Senior citizens who experience depression often don't communicate that to their loved ones or caregivers. They may be reluctant to say anything because they don't want to be a burden, and they may also believe that depression is just a normal part of the aging process. However, there is effective treatment available for older adults who are experiencing depression. Following are seven signs that depression may be negatively affecting the quality of life of your senior charge or loved one.

Increased Irritability

Seniors who are experiencing depression often become more irritable than usual. They may snap at friends, family, and caregivers as well as cashiers, bus drivers, and others who work in the public sector and become increasingly demanding of everyone around them. If the senior in your life is exhibiting this behavior, encourage him or her to talk about it, particularly if it is reaching the point friends and family are beginning to feel alienated or if the situation is causing significant caregiver turnover.

Neglecting Grooming Tasks

Seniors who are depressed often fail to perform regular grooming tasks such as brushing teeth or cleaning dentures, washing and brushing hair, and showering or bathing. They may also wear the same clothing for days at a time and neglect to do laundry. Depressed seniors may also allow their surroundings to become disheveled. It is extremely important in the event that this happens that someone monitor the home to ensure that basic hygiene and food safety measures are met -- for instance, the refrigerator should be checked on a regular basis to ensure that all contents are safe to eat.

Slowness of Speech and Movement

A general slowing down of movement and speech may also be an indication of depression among seniors. Long pauses before speaking or talking in overly quiet tones are other signs that a senior may be depressed.

Sleep Disorders

Not being able to sleep at night is a common sign of depression in seniors. Some seniors may also sleep an abnormal amount of time if they are depressed, but insomnia is more likely to occur among seniors. It is important to note, however, that many prescribed medications can significantly interfere with sleep patterns.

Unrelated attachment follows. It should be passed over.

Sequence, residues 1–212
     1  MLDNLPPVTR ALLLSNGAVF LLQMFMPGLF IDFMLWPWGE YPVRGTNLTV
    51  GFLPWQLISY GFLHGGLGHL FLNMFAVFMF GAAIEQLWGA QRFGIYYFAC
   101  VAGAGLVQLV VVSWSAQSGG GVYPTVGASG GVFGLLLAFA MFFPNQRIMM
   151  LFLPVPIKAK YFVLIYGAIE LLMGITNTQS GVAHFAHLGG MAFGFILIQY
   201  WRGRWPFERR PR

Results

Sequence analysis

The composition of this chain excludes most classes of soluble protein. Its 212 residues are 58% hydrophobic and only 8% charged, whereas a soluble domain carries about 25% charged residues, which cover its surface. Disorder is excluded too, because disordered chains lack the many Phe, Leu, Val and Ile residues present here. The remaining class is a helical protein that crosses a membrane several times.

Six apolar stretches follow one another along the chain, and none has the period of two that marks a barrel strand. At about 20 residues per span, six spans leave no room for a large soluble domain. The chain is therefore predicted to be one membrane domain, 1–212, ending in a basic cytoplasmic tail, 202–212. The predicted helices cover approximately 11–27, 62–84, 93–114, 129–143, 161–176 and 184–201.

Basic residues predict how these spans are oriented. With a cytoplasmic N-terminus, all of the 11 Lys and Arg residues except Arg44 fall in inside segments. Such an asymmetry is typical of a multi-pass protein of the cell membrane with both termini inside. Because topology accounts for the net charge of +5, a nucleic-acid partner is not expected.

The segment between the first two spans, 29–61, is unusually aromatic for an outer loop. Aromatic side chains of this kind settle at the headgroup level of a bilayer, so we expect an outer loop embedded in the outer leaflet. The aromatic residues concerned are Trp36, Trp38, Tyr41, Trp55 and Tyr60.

Loss of Interest in Everyday Activities

Another symptom of depression is the loss of interest in activities that were formerly enjoyed, particularly if they involved interacting with others. If the senior no longer drives, offer to provide the senior with transportation to activities or to help find a reliable ride. Isolation itself can often lead to depression in seniors, so try to do your best to ensure that your senior loved one has access to social activities.

Aches and Pains

Vague aches and pains that have no physiological basis are another sign that depression may be a factor. Many seniors who report unexplained headaches have been found to be suffering from depression. Depression can also exacerbate existing conditions such as arthritis and rheumatism.

Unexplained Weight Loss

Depressed seniors may also experienced unexplained weight loss. This can come from skipping meals, from a general lack of appetite, or from not getting enough physical activity. However, it's important to rule out possible physical causes for unexpected weight loss because it can also be an indication of serious physical illness.

Keep in mind that if you are employed as a caregiver in a home health care situation, you may be in a better position than friends or family to notice symptoms of depression. While you cannot make a diagnoses, you can provide a listening ear as well as encourage the senior to discuss the situation with his or her primary health care professional.